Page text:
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General Keynote - Prof. David A. Patterson

Last modified 2008-05-31 01:59

The Parallel Computing Landscape: A Berkeley View 2.0
Professor David A. Patterson
University of California at Berkeley, California, USA
Member, National Academy of Engineering
Member, National Academy of Sciences
Fellow of IEEE, ACM, and AAAS
Shared (with John Hennessy) the IEEE John von Neumann Medal

Date: July 14, 2008
Time: TBA
Location: Lance Burton Theater


    In December 2006 we published a broad survey of the issues for the whole field concerning the multicore/manycore sea change (see We view the ultimate goal as being able to productively create efficient and correct software that smoothly scales when the number of cores per chip doubles biennially. This talk covers the specific research agenda that a large group of us at Berkeley are going to follow (see

    To take a fresh approach to the longstanding parallel computing problem, our research agenda will be driven by compelling applications developed by domain experts. Historically, past efforts to resolve these challenges have often been driven "bottom-up" from the hardware, with applications an afterthought. We will focus on exciting new applications that need much more computing horsepower to run well rather than on legacy programs that already run well on today's computers. Our applications are in the areas of personal health, image retrieval, music, speech understanding, and browsers.

    The development of parallel software is the heart of the research agenda. The task will be divided into two layers: an efficiency layer that aims at low overhead for 10 percent of the best programmers, and a productivity layer for the rest of the programming community--including domain experts--that reuses the parallel software developed at the efficiency layer. Key to this approach is a layer of libraries and programming frameworks centered around the 13 computational bottlenecks ("dwarfs") that we identified in the Berkeley View report. We will also create a Composition and Coordination Language to make it easier to compose these components. Finally, we will rely on autotuning to map the software efficiently to a particular parallel computer. Past attempts have often relied on a single programming abstraction and language for everyone and on parallelizing compilers.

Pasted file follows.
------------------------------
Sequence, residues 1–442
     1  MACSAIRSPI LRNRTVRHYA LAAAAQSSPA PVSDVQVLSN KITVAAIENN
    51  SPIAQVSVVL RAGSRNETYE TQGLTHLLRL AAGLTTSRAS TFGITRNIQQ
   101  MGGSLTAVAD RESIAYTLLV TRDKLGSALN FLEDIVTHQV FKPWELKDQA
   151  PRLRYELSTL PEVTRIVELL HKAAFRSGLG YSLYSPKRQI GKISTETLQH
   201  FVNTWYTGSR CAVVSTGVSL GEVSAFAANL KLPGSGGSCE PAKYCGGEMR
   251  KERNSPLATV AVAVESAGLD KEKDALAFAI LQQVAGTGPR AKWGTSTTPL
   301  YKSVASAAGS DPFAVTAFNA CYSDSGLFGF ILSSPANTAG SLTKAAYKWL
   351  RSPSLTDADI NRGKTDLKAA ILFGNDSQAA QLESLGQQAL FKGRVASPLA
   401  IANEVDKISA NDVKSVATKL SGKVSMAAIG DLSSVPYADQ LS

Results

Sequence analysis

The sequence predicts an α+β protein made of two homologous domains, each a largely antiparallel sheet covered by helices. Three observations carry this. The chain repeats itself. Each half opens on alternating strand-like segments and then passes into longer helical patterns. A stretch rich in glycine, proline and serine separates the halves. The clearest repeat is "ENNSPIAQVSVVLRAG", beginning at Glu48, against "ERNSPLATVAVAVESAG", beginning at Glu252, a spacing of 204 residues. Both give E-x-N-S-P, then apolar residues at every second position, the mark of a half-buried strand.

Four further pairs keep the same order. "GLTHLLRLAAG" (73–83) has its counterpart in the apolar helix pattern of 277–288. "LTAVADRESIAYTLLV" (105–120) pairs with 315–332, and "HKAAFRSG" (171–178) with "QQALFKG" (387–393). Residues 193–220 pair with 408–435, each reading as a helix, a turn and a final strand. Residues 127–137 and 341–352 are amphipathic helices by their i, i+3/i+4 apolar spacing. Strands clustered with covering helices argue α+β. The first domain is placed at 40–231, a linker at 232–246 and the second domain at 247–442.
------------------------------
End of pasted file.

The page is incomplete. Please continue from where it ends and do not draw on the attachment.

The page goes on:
The role of the operating systems and the architecture in this project is to support software and applications in achieving the ultimate goal, rather than the conventional approach of fixing the environment in which parallel software must survive. Examples include primitives like thin hypervisors and libraries for the operating system and hardware support for partitioning and fast barrier synchronization.

    We will prototype the hardware of the future using field programmable gate arrays (FPGAs), which we believe are fast enough to be interesting to parallel software researchers yet flexible enough to "tape out" new designs every day while being cheap enough that university researchers can afford to construct systems containing hundreds of processors. This prototyping infrastructure is called RAMP (Research Accelerator for Multiple Processors), which is being developed by a consortium of universities and companies (see

Academic Co-Sponsors

Computational Biology and Functional Genomics Laboratory, Harvard University, Cambridge, Massachusetts, USA

International Society of Intelligent Biological Medicine

Horvath Laboratory, University of California, Los Angeles (UCLA), USA
Minnesota Supercomputing Institute, University of Minnesota, USA
Functional Genomics Laboratory, University of Illinois at Urbana-Champaign, USA
BioMedical Informatics & Bio-Imaging Laboratory, Georgia Institute of Technology and Emory University, Atlanta, Georgia, USA
Intelligent Data Exploration and Analysis Laboratory, University of Texas at Austin, Austin, Texas, USA
Biomedical Cybernetics Laboratory, HST of Harvard University and MIT, USA
Center for the Bioinformatics and Computational Genomics, Georgia Institute of Technology, Atlanta, Georgia, USA
Harvard Statistical Genomics and Computational Laboratory, Harvard University, Cambridge, Massachusetts, USA
Bioinformatics & Computational Biology Program, George Mason University, Virginia, USA
Hawkeye Radiology Informatics, Department of Radiology, College of Medicine, University of Iowa, Iowa, USA
Medical Image HPC & Informatics Lab (MiHi Lab), University of Iowa, Iowa, USA
The University of North Dakota, Grand Forks, North Dakota, USA
PSU - Prince Sultan University, Saudi Arabia
Institute for Informatics Problems of the Russian Academy of Sciences, Moscow, Russia.
NEMO/European Union at Institute of Discrete Mathematics and Geometry, TU Vienna

Corporate Sponsors

Other Co-Sponsors

High Performance Computing for Nanotechnology (HPCNano)

International Technology Institute (ITI)



Hodges' Health


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